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Saturday, 27 November 2010

Wid-Ar


Taken from the website of Woden`s Folk

The New God form

The new religion of Wodenism is named after the All-Father, Woden, yet in reality the god that we see as being the archetype of the New Age is Widar. The name Widar is usually rendered Forest Warrior which is the title of this article. Widar is seen as a Woodland God, but the warrior bit is usually glossed over – maybe too fierce for certain “humanitarian” pagans!
When using the title we will write it as Wid-Ar which is a breakdown of the title into its two sections of meaning –
Wid – forest, woodland: this is the Old English wudu and is the basis of the name Widukind which could be rendered Forest Kind or Woodland Kind.

Ar – this is a very interesting title since the term “warrior” does not fully cover it. The Root AR is the root of the term Aryan but even this does not render a full meaning. The term Aryan has the same root as certain other words which will give a clue as to the true meaning –

Here/heri/harry/herian/heriar/herle/herjan/har/hari etc.

The Root AR is related to all of the terms used for the Germanic Männerbünd and the concept of the Wild Warrior of the Wilderness. This is a very interesting concept in view of the roots of Wodenism.

Wid-Ar is the son of Woden and the brother of Wali. It is Wid-Ar who slays the Fenris Wolf at Ragnarok and becomes the High God of the New Order. Widar was the son of Woden and Grid and he represents the imperishable forces of Nature.

Widar followed Woden to the Fountain of Wyrd where the three Sisters of Wyrd uttered the following prophecy –

“Early begun.”
“Further spun.”
“One day done.”

To this the Goddess of Fate added – “With joy once more won.” The Goddess explains that even though Woden will fall in the Last Battle Wid-Ar would be his avenger, and he would live to rule over a regenerated world after having conquered his enemies.

Woden falls at Ragnarok, slain by the Fenris Wolf. But it is Widar who avenges him by placing his foot with its Iron Shoe (some say leather) in the gaping jaws and wrenching them apart. This act could only be done to release the Spirit of Woden – for Woden reappears in the New Order as Widar.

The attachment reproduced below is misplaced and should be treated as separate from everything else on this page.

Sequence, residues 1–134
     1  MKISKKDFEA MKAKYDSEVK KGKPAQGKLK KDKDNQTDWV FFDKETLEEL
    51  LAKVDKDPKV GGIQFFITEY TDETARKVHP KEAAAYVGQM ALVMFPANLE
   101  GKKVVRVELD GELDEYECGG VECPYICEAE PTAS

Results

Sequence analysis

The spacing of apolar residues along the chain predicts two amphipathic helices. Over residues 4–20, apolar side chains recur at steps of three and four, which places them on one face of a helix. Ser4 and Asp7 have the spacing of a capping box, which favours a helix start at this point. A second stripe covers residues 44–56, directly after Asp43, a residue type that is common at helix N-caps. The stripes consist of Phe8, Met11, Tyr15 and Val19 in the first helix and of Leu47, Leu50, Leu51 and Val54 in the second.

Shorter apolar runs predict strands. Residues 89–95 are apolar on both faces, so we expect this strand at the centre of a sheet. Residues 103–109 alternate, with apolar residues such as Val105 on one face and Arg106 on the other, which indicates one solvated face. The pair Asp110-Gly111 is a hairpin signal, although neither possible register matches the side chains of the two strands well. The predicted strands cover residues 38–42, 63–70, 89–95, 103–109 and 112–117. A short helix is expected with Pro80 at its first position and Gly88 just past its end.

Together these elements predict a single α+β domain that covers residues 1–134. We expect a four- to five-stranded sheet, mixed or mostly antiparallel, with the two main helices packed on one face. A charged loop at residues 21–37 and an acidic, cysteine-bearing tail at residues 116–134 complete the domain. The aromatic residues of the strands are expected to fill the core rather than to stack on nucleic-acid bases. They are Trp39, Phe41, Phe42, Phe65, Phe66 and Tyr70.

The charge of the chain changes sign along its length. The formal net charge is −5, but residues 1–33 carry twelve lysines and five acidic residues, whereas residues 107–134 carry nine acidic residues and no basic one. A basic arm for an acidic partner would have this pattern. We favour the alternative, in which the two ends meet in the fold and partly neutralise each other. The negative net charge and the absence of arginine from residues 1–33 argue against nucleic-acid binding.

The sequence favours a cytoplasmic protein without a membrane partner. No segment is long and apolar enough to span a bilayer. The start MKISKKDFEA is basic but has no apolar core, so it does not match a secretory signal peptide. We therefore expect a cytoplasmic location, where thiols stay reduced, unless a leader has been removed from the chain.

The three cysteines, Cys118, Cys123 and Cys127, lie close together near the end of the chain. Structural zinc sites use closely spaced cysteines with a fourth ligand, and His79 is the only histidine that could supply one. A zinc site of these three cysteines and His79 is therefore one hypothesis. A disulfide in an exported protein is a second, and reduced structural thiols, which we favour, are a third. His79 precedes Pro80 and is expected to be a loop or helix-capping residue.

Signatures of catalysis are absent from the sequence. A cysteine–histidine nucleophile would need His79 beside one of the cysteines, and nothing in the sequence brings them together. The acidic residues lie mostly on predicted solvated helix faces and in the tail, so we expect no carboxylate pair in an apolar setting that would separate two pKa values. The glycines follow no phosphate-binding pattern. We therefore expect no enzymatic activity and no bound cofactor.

At one level the Fenris Wolf represents rampant technology which has overwhelmed our Folk and wrenched them away from their true Gods. We live in the Wolf-Age which is an age of decay, degeneration and destructive powers.

Today Wid-Ar is the Silent God for he sits silent on his throne in Landwidi, awaiting his time at Ragnarok. When his time comes he will be Wid-Ar the Avenger – avenger of Woden and God of Regeneration and Renewal.

The Hooded Man Prophecy is all about the coming of Wid-Ar, for is not the figure of Robin Hood the Forest Warrior? In the Root AR we may also see the name of Herne whose name could well derive from this root. Robin Hood is the Forest Warrior and his father is Woden-Herne – the One-Eyed Hunter-God.

Wid-Ar has certain things in common with the Egyptian god Horus –

1.
Horus is an Avenging God.
2.
Horus is also known as the Silent God.
3.
The name Heru (the Egyptian for Horus) is very much like our here/heri/herian etc.
4.
Horus, like Wid-Ar is the avenger of the death of his father.
5.
Added to these we have a Germanic God named Saxnot revered by the East Saxons; an alternative name for this god was Cheru or Heru – the Sword-God. It is to be noted that Wid-Ar wielded a sword.

The symbol for Horus is a Falcon or Hawk; it is also to be noted that in some legends Horus has only one eye. It is also significant that the symbol for Horus is an eye – the Eye of Horus. It is perhaps significant that Gawain is also associated with the Hawk, and that Parsifal has the role of restorer and the renewal of Nature. Parsifal seems to be a later version of Gawain.